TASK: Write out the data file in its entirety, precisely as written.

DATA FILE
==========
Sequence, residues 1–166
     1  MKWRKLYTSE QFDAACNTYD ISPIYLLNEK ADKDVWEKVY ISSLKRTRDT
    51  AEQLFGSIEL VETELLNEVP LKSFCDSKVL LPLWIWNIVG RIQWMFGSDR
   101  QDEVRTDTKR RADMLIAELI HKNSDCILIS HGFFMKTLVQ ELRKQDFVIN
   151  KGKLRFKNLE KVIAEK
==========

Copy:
Sequence, residues 1–166
     1  MKWRKLYTSE QFDAACNTYD ISPIYLLNEK ADKDVWEKVY ISSLKRTRDT
    51  AEQLFGSIEL VETELLNEVP LKSFCDSKVL LPLWIWNIVG RIQWMFGSDR
   101  QDEVRTDTKR RADMLIAELI HKNSDCILIS HGFFMKTLVQ ELRKQDFVIN
   151  KGKLRFKNLE KVIAEK